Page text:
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Showing 12 posts in National Labor Relations Act.

NLRB to Revisit Issue of When Employees Lose NLRA Section 7 Protection When Using Threatening and Demeaning Language

While discussing work assignments with his supervisor, an employee uses abusive and profane language. In another incident, the employee disrupts a workplace meeting by playing loud music with racial and political overtones. These and other behaviors led to discipline which was in turn challenged by the employee as an unfair labor practice. In General Motors LLC and Charles Robinson (14-CA-197985; 14-CA-208242), the National Labor Relations Board (NLRB) requested public comment on when insubordinate, threatening or intimidating behavior should not constitute protected activity under Section 7 of the National Labor Relations Act (NLRA). It is not uncommon for the NLRB to request public comment in situations where there may be a policy shift.

The facts of General Motors LLC and Charles Robinson are relatively straightforward. Charles Robinson is a Union Committee representative, and he could be characterized as a zealous supporter of worker rights in a unionized environment. From a management perspective, he could just as easily be deemed a disruptive, uncooperative, intimidating, and threatening employee. Robinson was disciplined by the employer for essentially three reasons: More ›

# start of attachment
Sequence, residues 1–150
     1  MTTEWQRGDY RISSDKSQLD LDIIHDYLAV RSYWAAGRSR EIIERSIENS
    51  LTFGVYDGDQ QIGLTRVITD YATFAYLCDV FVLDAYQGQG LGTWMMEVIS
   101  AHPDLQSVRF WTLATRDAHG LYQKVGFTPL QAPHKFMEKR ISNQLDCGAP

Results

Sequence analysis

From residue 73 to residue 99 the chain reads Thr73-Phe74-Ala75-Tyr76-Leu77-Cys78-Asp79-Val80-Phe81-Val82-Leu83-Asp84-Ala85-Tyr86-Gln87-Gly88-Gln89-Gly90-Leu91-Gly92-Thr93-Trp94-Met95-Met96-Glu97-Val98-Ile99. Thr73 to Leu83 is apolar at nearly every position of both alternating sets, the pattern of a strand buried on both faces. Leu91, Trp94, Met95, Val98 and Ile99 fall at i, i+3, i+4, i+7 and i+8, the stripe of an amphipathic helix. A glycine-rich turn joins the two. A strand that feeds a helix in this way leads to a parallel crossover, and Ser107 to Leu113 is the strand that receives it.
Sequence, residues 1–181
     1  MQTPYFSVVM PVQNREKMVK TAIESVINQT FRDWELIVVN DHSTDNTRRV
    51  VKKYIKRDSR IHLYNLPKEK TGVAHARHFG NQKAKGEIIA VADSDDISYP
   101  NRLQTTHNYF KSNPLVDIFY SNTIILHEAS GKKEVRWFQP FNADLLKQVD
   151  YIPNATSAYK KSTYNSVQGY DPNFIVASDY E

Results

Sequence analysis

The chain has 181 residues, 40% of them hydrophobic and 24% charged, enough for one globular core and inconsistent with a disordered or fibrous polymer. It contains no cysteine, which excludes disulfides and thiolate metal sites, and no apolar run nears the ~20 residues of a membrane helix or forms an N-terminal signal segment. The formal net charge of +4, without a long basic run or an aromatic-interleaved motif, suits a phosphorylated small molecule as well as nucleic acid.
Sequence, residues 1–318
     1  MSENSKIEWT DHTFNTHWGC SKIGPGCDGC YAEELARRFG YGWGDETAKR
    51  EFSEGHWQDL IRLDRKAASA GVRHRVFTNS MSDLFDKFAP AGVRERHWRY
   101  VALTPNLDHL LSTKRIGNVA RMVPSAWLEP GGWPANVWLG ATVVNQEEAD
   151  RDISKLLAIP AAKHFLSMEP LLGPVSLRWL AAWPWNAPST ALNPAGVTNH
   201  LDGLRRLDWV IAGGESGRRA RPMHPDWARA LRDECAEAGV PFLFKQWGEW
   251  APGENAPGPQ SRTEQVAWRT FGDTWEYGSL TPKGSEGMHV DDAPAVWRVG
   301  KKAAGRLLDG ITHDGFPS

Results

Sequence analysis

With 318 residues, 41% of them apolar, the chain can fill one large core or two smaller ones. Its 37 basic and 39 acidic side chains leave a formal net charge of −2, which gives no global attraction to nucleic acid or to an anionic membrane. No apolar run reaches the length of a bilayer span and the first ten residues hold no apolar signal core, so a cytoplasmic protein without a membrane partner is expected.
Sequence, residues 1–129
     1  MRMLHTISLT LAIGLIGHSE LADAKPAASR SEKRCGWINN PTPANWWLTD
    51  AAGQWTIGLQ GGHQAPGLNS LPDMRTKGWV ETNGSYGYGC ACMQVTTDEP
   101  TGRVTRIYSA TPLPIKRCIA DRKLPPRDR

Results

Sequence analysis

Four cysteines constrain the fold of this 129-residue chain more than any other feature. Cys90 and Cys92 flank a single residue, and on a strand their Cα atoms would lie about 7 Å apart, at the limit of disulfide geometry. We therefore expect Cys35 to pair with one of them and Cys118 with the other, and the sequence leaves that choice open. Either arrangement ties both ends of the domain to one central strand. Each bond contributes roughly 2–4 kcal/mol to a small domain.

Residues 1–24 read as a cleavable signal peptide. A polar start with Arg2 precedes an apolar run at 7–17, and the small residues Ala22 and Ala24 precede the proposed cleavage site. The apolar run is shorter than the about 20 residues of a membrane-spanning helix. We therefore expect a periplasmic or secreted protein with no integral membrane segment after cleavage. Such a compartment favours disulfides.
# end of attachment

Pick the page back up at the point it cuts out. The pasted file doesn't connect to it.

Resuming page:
NLRB Reverses Itself and Broadens Employer Property Rights in Restricting Access to Non-Employee Union Agents

The National Labor Relations Board (NLRB) has revisited the issue of when an employer may restrict access to its private property by non-employee union agents. In Kroger Limited Partnership, a union business agent was denied access to the food store's parking lot to solicit Kroger's customers to boycott the store. When the union agent refused to leave, the supermarket called police to force the union agent to leave the premises. The NLRB was subsequently was called upon to assess whether Kroger's actions were unlawful and discriminatory under the National Labor Relations Act (NLRA). More ›

A "Perfectly Clear" Successor Under the NLRB is Less Than Perfectly Clear

A recent decision by a three judge panel of the federal D.C. Circuit Court of Appeals highlights potential pitfalls for successor employers who want to establish new compensation terms. In First Student, Inc., the D.C. Circuit panel concluded the employer in that case was a "perfectly clear" successor under existing precedent of the National Labor Relations Board (NLRB) because it intended to offer employment to the all of the employees of the unionized predecessor who met minimum criteria. The concept of a perfectly clear successor first was raised by the United States Supreme Court in NLRB v. Burns International Security Services, Inc.. In that decision, the Supreme Court noted that in certain circumstances it is "perfectly clear that the new employer plans to retain all of the employees in the unit," and the employer then is obligated to bargain with the union before making unilateral changes to wages, benefits, and other mandatory terms or conditions of employment. More ›